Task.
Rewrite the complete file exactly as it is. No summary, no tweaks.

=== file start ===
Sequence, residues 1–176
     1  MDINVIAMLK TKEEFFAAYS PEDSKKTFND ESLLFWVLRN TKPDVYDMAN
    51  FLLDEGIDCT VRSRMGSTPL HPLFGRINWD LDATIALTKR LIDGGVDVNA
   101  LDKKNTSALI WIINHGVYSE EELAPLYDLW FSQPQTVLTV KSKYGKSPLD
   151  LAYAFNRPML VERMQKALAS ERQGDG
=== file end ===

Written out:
Sequence, residues 1–176
     1  MDINVIAMLK TKEEFFAAYS PEDSKKTFND ESLLFWVLRN TKPDVYDMAN
    51  FLLDEGIDCT VRSRMGSTPL HPLFGRINWD LDATIALTKR LIDGGVDVNA
   101  LDKKNTSALI WIINHGVYSE EELAPLYDLW FSQPQTVLTV KSKYGKSPLD
   151  LAYAFNRPML VERMQKALAS ERQGDG